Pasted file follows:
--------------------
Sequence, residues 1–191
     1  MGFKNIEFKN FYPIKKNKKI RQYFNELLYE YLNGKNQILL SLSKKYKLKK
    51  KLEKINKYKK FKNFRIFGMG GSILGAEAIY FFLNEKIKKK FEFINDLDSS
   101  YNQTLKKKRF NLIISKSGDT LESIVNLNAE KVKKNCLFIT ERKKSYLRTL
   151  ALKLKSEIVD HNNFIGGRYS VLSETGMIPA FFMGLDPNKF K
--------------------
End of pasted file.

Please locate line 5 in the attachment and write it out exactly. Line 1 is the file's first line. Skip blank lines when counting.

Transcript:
   151  ALKLKSEIVD HNNFIGGRYS VLSETGMIPA FFMGLDPNKF K